Legal Aid: A recent trend in Indian Jurisprudence


Legal aid means giving to persons of limited means gratis, of for nominal fees, legal advice and legal assistance in courts in civil and criminal matters. Its primary object is to make is impossible for any man, woman or child to be denied equal protection of the law became he or she is poor.The preamble to the Constitution declares to secure to all citizens – Justice, social, economic and political: liberty of thought, expressions, belief, faith and worship, equality of status and of opportunities and to promote among them all fraternity assuring to dignity of the individual and the unity of the nation. Article 14 and 38 of the Constitution provide for equality of justice to all citizens, article 14 states – The state shall not deny to any person equality before the law of the equal protection of the laws within the territory of India. Article 38 states – The state shall strive to promote the welfare of the people by securing and protection as effectively as it may a social order in which justice social economics and political shall inform all the institutions of the national life. Thus, in order to ensure equality of justice as conceived by our Constitution legal aid to the poor is necessary.

Historical background of legal aid in India

In England, in 1944 a committee under the chairmanship of Lord Rushcliffe was appointed to enquire what facilities at present exist in England and Wales for giving legal advice and assistance to the poor persons and to make such recommendations as appear to be desirable for the purpose of securing that poor person’s in need of legal advice may have such facilities at their disposal and for modifying and improving, so far as seems expedient, the existing system whereby legal aid is available to poor persons  in the conduct of litigation in which they are concerned whether in civil or in criminal courts. The Committee submitted its reports in 1945 with the following recommendations:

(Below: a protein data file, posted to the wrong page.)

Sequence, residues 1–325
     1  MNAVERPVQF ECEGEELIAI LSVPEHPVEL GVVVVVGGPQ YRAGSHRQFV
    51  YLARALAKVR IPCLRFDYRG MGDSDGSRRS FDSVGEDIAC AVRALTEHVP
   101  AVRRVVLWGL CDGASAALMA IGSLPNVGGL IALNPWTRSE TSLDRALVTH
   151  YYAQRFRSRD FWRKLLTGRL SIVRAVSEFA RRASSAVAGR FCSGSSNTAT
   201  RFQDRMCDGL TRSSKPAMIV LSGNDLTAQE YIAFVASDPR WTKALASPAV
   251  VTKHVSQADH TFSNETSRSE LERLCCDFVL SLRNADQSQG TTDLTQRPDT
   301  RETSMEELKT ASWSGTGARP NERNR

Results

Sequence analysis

• Legal aid should be available in all the courts and in such manners as will enable persons in need to have access to the professional help they require.
  • This provision should not be limited to those who are normally classed as poor but include a wider income group.
  • Those who cannot afford to pay anything for legal aid should receive this free of cost. There should be a scale of contribution for those who can pay something towards costs.
  • The cost of the scheme should be borne by the state but the scheme should not be administered either as a department of state of by local authorities.
  • The legal professions should be responsible for the administration of the scheme.
  • Barristers and solicitors should receive adequate remuneration for their services.
  • The term poor person should be discarded and the term assisted person adopted

The Indian law commission in its 14th report emphasis the need for the creation of legal aid agencies in India to redress the inequality produced by economic disparities. The advocate’s amendment act of 1970 considered legal aid as a part of the profession duty of the lawyer. In 1970 the national legal aid conference drew attention to the crying need for legal aid in India. The government of India constituted the legal aid committee in 1972 with Shri VR Krishna Iyre as chairman who was at that time member of the law commission. Shri Krishna presented a brilliant report to the government of India setting forth the philosophy underlying the movement for legal aid and furnishing a blueprint of far-reaching reform designed for effective, speedy and inexpensive justice.

Gujarat Committee

The government of Gujarat appointed a committee under the chairmanship of Shri PN Bhagwati  to consider the question of the grant of legal aid in civil criminal revenue labor and other proceedings to backward classes and to make such recommendations as may be desirable so as to render legal advice more easily available and to make justice more easily accessible to such persons including recommendations on the questions of encouragements and financial assistance to institutions engaged in the work such as legal aid.